What John is saying now is what he was saying before GA. The difference is that people are paying attention now and understand what he’s saying. A lot of people didn’t begin paying attention until the Kinnaird case. In a way, even though it wrecked a congregation and hurt good people, I’m glad it happened because if it hadn’t (sort of like Pearl Harbor) I think it might have taken a lot longer for people to start paying attention.

    What was defended on the floor of the Phila Presbytery, however, was quite outside the bounds of Reformed orthodoxy, namely a two-stage doctrine of justification. Initial justification sola gratia, sola fide and a final justification grounded partly on Spirit-wrought sanctity. Not vindication coram hominibus but justification before God. This he derived from his doctrine of union with Christ and the necessity for Spirit-wrought, inherent righteousness in order to stand before God.

    That’s enough for now.

    Warmest

    rsc

  40. Can we start with the presupposition that anyone (read:anyone!) that has defended Shepherd’s “hinge on which all true religion turns”, should be presumptively guilty untill proven innocent? This is not a grey area!! This is the heart and core of Christ’s Gospel. We can disagree on a lot of secondary issues, but this is NOT one of them.

  41. Gaffin: “Baptism signifies and seals a transition in the experience of the recipient, a transition from being (existentially) apart from Christ to being (existentially) joined to him. Galatians 3:27 is even more graphic: “Those who have been baptized into Christ have put on Christ” . . . Consequently, the transition described in [Ephesians 2] verses 5f. as being an object of God’s wrath(v.3) to experiencing his love (v.4). takes place at the point of being joined (existentially) to Christ [50_51].”

    Sean: The way of salvation proposed by Gaffin in R&R is through the water of baptism and existential union with Christ – not by mere belief alone in truth of Scripture and the message of the Gospel.

    Dear Sean,

    Dr. Gaffin clearly notes that he’s speaking of what baptism signifies and seals in the experience of the believer. He goes to greater pains than the apostle to flesh out that he’s not speaking of a Romish working of the works, or anything of the sort. Even a cursory reading of his writing bears this out.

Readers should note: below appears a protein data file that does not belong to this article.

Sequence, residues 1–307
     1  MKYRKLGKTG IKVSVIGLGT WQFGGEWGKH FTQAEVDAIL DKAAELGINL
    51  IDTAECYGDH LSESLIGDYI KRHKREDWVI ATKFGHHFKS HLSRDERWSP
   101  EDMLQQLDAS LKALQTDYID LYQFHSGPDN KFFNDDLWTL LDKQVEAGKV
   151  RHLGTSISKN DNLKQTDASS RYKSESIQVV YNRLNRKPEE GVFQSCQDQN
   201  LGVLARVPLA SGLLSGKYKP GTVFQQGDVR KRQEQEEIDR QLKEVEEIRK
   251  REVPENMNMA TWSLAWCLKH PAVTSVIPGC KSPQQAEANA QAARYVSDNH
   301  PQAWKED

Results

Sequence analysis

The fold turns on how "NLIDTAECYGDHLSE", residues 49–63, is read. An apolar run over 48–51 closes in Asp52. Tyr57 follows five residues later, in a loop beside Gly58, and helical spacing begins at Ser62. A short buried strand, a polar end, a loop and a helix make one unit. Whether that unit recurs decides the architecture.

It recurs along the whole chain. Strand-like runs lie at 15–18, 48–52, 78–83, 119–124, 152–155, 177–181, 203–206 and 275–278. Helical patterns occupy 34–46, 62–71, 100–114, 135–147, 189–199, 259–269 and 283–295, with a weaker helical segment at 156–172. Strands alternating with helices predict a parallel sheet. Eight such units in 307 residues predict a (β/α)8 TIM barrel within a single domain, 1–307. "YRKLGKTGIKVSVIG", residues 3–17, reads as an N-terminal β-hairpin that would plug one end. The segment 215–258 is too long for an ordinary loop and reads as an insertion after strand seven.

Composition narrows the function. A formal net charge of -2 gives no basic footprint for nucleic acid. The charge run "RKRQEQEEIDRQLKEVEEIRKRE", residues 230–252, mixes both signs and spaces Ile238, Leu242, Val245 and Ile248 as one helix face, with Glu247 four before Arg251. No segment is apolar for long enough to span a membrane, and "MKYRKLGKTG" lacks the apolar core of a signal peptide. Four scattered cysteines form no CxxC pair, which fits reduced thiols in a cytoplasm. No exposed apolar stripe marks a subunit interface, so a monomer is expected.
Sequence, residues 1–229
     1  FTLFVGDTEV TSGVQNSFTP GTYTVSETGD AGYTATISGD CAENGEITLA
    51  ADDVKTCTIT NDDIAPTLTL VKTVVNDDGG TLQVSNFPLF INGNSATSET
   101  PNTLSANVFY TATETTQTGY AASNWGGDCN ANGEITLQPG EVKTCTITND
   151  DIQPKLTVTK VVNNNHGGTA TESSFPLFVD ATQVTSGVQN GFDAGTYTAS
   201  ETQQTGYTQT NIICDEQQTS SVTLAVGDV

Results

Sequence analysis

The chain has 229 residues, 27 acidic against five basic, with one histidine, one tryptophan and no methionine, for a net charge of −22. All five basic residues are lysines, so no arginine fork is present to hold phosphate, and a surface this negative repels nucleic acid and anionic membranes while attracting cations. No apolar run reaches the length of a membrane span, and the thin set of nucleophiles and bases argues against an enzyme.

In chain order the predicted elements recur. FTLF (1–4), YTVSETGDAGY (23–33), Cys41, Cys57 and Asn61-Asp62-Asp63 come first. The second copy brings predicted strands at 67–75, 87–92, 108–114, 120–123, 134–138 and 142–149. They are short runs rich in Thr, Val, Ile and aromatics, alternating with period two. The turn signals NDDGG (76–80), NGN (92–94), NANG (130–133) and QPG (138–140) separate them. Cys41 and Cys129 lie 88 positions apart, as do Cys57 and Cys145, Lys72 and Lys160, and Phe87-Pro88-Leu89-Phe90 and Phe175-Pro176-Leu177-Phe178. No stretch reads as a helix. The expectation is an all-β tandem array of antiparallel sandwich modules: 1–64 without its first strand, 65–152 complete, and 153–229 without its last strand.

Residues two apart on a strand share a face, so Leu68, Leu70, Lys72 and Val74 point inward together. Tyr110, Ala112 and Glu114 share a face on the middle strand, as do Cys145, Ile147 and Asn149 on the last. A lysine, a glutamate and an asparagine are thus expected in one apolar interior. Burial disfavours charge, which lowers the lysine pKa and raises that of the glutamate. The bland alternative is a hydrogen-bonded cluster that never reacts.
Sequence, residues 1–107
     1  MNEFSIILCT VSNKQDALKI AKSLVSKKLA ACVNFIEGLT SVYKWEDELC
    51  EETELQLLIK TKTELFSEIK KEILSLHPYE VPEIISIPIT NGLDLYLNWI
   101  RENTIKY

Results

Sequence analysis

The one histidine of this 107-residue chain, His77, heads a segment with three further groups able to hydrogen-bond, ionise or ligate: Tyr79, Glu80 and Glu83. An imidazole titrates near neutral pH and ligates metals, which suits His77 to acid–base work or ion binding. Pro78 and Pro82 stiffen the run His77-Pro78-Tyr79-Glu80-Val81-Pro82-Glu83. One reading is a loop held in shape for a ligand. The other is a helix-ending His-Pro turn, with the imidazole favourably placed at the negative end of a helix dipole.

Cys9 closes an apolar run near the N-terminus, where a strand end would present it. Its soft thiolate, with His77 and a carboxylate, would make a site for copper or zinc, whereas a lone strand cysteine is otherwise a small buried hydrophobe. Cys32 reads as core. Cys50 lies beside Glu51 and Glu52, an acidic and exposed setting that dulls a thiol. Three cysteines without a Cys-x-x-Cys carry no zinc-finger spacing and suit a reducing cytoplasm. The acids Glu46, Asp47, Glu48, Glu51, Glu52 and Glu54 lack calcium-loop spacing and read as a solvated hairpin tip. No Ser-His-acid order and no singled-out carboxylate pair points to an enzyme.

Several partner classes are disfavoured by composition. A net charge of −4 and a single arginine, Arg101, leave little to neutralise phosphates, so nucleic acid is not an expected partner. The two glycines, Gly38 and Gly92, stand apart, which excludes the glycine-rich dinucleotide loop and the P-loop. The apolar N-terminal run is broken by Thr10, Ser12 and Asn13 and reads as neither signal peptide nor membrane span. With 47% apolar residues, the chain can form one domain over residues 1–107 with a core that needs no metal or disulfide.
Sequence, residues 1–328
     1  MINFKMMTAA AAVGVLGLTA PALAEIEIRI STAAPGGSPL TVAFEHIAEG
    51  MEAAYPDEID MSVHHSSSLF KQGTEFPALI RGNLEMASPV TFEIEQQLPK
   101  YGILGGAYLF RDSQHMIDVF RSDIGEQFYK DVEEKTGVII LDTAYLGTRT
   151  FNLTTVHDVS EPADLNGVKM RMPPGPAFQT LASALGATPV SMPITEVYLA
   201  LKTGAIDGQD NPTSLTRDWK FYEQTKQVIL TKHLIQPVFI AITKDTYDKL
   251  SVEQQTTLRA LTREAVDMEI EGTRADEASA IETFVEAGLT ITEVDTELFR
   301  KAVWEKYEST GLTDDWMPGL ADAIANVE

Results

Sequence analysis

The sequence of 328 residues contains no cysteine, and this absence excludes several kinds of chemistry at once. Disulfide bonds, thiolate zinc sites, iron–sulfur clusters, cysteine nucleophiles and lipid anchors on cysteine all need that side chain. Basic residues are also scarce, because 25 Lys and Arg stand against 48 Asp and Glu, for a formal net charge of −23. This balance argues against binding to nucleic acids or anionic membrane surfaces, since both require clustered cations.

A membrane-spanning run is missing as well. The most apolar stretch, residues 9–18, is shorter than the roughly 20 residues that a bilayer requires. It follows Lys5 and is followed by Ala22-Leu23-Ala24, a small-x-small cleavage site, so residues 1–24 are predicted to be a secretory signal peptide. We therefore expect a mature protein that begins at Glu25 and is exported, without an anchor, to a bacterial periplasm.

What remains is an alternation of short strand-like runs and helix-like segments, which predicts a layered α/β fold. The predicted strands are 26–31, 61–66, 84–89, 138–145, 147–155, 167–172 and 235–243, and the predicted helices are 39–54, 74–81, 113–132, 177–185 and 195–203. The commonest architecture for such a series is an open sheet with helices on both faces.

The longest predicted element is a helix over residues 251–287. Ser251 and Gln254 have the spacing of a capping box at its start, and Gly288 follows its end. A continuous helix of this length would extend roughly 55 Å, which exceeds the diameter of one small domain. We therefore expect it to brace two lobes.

You’re willing to read the apostle in light of the Westminster standards (and rightly so), where it states: “There is, in every sacrament, a spiritual relation, or sacramental union, between the sign and the thing signified: whence it comes to pass, that the names and effects of the one are attributed to the other” Yet for some reason you are unwilling to render to Dr. Gaffin the same measure of charity, even when he actually prefaces his statement by referring to signs and seals.

    I see this sort of thing quite often from you Sean. I hope you will wrestle with whether you don’t have the acumen to deal fairly with your opponents, or whether you are willing to bear false witness intentionally.

    Ron

  42. Hi Ron,

    I don’t think it’s quite fair to ask us to treat Paul and Dick Gaffin in the same way. In the case of Scripture we’re interpreting ad hoc letters and drawing inferences etc. In the case of any contemporary theologian we’re reading a text in the light of 2000 years of Christian reflection on Scripture. Further, in the case of a confessional Reformed theologian we’re dealing with a person writing in an established tradition with an established set of categories and a fixed vocabulary for addressing basic questions such as union with Christ and justification. Further, in the case that Dick defended Norm for most of thirty years we’re entitled to read what he says in that light and all the more when he is not absolutely clear about the doctrine of the standing or falling of the church.

    For example, as late as 2003 Dick was still speaking (I don’t know what he says today) of a two-stage justification or an already and not yet aspect to justification. This is just wrong. There is no “not yet” aspect to justification. There is a “not-yet” aspect to our vindication, indeed, our vindication at the judgment is entirely “not yet.” Had Dick not pressed justification into the “already/not yet” scheme, we could have avoided misunderstanding.

    The older Reformed theologians did not speak of a “not yet” aspect to justification because they understood that was what the entire Reformation was about! Rome said, justification has been initiated but not consummated. I realize Dick meant something else by it but we already had language for the distinction he was trying to make.

    So, reading Paul is one thing, reading Dick Gaffin is another.

  43. Dear Scott,

    I don’t see the relevance of Dr. Gaffin’s support of Norman Shepherd or his already-not-yet paradigm as it pertains to justification since we were to be considering Dr. Gaffin’s words as they pertain to Galatians 3:27 and Ephesians 2:5. All Dr. Gaffin (following Murray) has noted in that particular snippet supplied by Sean is that in the application of redemption, signed and sealed in baptism, a real transition occurs from being a child of wrath to that of recipient of love and grace in Christ. That reality occurs through the existential union in Christ as opposed to at the cross (or in the eternal election-identity one has in Christ). It would seem that Sean would have us believe that Dr. Gaffin attributes the elect’s existential union to a magical working-of-the-works, which you will be hard pressed to find in any of Dr. Gaffin’s writings given his unequivocal repudiation of Romish baptism. Consequently, your appeal to Dr. Gaffin’s support of Shepherd and a two-stage paradigm of justification fails to support Sean’s claim regarding Dr. Gaffin’s alleged view of water baptism.